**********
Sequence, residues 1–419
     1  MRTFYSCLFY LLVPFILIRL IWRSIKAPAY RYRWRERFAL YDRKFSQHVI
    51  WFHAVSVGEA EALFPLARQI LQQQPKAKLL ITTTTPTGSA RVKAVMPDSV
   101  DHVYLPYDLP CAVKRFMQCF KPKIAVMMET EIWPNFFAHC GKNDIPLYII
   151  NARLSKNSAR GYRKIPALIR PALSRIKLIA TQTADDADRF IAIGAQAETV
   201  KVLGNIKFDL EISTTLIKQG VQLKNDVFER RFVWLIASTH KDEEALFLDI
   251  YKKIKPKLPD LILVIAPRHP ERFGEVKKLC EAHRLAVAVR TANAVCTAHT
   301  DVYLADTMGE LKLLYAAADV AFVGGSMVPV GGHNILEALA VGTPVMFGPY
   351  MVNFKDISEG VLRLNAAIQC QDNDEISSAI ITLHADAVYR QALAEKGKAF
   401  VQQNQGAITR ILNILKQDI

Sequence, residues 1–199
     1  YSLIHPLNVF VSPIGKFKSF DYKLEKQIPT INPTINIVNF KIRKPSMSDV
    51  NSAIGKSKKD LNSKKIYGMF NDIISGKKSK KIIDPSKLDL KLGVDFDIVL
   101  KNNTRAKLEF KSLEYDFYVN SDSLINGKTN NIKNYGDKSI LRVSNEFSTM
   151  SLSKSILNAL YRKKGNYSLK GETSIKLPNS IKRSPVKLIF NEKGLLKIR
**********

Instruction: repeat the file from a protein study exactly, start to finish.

Sequence, residues 1–419
     1  MRTFYSCLFY LLVPFILIRL IWRSIKAPAY RYRWRERFAL YDRKFSQHVI
    51  WFHAVSVGEA EALFPLARQI LQQQPKAKLL ITTTTPTGSA RVKAVMPDSV
   101  DHVYLPYDLP CAVKRFMQCF KPKIAVMMET EIWPNFFAHC GKNDIPLYII
   151  NARLSKNSAR GYRKIPALIR PALSRIKLIA TQTADDADRF IAIGAQAETV
   201  KVLGNIKFDL EISTTLIKQG VQLKNDVFER RFVWLIASTH KDEEALFLDI
   251  YKKIKPKLPD LILVIAPRHP ERFGEVKKLC EAHRLAVAVR TANAVCTAHT
   301  DVYLADTMGE LKLLYAAADV AFVGGSMVPV GGHNILEALA VGTPVMFGPY
   351  MVNFKDISEG VLRLNAAIQC QDNDEISSAI ITLHADAVYR QALAEKGKAF
   401  VQQNQGAITR ILNILKQDI

Sequence, residues 1–199
     1  YSLIHPLNVF VSPIGKFKSF DYKLEKQIPT INPTINIVNF KIRKPSMSDV
    51  NSAIGKSKKD LNSKKIYGMF NDIISGKKSK KIIDPSKLDL KLGVDFDIVL
   101  KNNTRAKLEF KSLEYDFYVN SDSLINGKTN NIKNYGDKSI LRVSNEFSTM
   151  SLSKSILNAL YRKKGNYSLK GETSIKLPNS IKRSPVKLIF NEKGLLKIR